I kept a journal for a long time after Jourdan died. Knowing this anniversary was coming up, I made the decision to read through it and it was, I'm not exaggerating here, an emotional roller coaster. Reading the journal helped me realize how different I am today––how much I have matured since the days when I let my grief and my emotions dictate my future. I have also realized that this experience has left me with an insecurity that hovers over me every day. An insecurity rooted in the fear that if I am too happy or things are going to well, that it's all going to be taken away and my world will come crashing down yet again. Of course our experiences leave us with scars, but overall, I am really am proud of who I am today. I have grown up a lot and put in the work to get to where I am personally, professionally and emotionally.


After pages and pages and four years of denial, sorrow, and regret, I finally wrote the words: “you are dead, and you are never coming back.” Four long years to give myself permission to let go. Four years to give myself permission to be happy again.

In May of 2013, I found hope. I didn’t know it at the time but I was going through one of the biggest transitions in my life getting rid of toxic relationships and letting in the love. I found my love for Izaak and in doing so, I found my love for myself once again.

“Is it weird that I am terrified to read backwards in this journal? Maybe I’m just not in the sad mood anymore. I don’t want to cry anymore. I feel like I have finally hit a point in my life where I can move forward and not get stuck in my sadness.”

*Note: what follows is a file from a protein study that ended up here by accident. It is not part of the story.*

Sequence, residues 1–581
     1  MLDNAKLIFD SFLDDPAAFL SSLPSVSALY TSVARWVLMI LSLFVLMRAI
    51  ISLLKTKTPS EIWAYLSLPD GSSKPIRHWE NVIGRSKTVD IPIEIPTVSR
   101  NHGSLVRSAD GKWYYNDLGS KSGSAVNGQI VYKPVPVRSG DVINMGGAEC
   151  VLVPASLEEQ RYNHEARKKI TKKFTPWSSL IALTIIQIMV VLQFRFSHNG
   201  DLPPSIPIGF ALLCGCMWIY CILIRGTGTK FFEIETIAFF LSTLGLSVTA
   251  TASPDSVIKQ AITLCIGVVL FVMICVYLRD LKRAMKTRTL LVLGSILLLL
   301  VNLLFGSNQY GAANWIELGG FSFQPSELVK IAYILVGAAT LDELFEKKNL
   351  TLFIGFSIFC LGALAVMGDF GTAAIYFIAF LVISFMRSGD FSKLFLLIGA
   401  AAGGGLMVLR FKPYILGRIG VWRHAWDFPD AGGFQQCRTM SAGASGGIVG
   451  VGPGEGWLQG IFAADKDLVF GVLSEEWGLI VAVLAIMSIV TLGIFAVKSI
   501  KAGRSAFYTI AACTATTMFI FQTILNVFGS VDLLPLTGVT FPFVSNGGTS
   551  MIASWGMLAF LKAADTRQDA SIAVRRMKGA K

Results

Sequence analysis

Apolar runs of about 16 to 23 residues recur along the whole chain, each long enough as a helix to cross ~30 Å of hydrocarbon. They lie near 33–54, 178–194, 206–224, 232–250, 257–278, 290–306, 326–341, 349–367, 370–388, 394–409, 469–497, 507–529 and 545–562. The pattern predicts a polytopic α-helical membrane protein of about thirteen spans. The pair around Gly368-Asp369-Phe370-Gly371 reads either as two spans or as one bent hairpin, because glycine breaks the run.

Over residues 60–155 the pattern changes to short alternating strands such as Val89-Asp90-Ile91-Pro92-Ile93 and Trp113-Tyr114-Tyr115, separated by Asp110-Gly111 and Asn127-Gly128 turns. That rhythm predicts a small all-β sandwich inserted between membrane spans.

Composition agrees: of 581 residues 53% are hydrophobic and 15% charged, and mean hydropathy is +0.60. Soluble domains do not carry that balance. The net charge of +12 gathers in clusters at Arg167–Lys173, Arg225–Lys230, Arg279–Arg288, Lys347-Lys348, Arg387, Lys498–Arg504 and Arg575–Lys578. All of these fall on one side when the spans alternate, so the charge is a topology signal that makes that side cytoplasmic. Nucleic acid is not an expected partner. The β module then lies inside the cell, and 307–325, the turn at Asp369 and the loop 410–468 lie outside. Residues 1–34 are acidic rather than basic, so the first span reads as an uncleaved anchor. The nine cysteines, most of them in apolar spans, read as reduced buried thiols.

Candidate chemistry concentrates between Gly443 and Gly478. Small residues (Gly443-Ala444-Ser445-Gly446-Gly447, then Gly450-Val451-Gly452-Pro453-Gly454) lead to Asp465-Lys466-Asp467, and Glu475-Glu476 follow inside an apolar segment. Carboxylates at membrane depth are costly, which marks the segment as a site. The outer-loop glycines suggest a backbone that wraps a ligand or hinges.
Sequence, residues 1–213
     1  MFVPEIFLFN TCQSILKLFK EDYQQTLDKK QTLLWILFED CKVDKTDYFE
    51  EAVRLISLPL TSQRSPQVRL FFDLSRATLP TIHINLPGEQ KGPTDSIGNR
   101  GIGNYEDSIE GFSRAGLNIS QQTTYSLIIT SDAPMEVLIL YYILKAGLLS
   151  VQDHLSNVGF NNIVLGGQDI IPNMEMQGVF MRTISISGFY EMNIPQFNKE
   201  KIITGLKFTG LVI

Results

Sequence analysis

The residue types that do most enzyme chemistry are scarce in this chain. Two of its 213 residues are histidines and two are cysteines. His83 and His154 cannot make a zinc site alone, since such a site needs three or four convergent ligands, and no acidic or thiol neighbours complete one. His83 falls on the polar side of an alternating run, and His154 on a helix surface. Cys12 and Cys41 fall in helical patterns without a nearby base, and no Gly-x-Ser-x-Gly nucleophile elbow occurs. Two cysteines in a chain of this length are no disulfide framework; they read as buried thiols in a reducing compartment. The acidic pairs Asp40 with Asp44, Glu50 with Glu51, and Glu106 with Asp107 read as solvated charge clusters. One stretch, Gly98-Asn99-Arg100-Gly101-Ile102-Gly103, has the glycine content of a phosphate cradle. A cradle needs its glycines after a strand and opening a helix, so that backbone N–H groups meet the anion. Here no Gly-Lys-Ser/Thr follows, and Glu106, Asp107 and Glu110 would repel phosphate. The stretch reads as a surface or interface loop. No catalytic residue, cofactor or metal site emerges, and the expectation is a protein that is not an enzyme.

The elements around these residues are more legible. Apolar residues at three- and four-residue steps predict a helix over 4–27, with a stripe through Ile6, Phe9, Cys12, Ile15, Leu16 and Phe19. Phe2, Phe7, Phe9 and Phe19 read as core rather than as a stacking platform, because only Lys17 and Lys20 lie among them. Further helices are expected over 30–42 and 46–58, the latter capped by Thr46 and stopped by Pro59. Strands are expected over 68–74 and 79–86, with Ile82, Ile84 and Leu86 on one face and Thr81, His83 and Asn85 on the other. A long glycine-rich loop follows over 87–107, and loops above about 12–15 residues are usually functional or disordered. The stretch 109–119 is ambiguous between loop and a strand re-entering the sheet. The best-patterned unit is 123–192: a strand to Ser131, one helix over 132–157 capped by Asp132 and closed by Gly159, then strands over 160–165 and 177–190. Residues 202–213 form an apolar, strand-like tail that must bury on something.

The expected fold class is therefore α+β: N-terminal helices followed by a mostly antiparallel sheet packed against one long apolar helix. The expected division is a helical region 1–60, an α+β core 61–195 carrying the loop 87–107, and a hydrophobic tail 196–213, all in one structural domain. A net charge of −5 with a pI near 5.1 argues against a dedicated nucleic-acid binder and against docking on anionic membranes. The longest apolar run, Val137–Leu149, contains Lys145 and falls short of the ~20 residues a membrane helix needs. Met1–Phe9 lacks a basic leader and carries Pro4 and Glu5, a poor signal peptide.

So often we make excuses for our own unhappiness. I didn't want to be happy. I didn’t want to break free from the sadness and guilt and anger because that meant letting go of Jourdan. I have learned that, as time goes on, we need to take ownership of our lives and to do that, I had to evolve.

Meeting Izaak changed my life in more ways that I can describe. Izaak wasn't scared of my cracks, of my tears, of my pain. Instead he acknowledged my feelings and supported my growth.

It has been six years since I met Izaak and made that last journal entry. It has taken me that whole time to pick up the pieces from the damage I had done, reclaim the life I wanted and rediscover my worth. I moved to a new city, got a job that supported my growth and started investing in my own wellbeing. Stumbling upon SoulCycle changed everything for me. Fitness was never a strength of mine so finding joy and strength in something that previously made me feel embarrassed and insecure was empowering. I started to gain confidence in myself and wanted to try to new things, meet new people and start hustling to build this life that I had dreamed of. SoulCycle led me to Movemeant and helped me finally find my community. One sprint, one hug, one girls night, one margarita, one breath, one day at a time and today I find myself living a new life. I have worked really hard to get my shit together and am so grateful to have a partner who loves me endlessly, a group of friends who believe in me and inspire me and a family who I adore being around.


Through it all, the lesson I learned is: you can’t stop bad things from happening and when it does, you have to invest in yourself and prioritize your happiness above all. It may take you months, years or even a decade to recover but you can come out on top. The work you invest in yourself every single day is worth it. Because that’s the thing about self-worth, no one else can define it but you. It’s not up for debate. It’s up to me.

I know now that I'll always find my way, but it definitely helps if I’m on a bike that goes nowhere.

A note from Jessi:

Catch me at We Dare to Bare this year and join me in celebrating every part of yourself. From your lows to your highs, you are worthy and powerful and deserve to celebrate every bit of your happiness. #DoItForYou and do it for the part of yourself who needs a little extra love. Our whole Movemeant community is here to support you.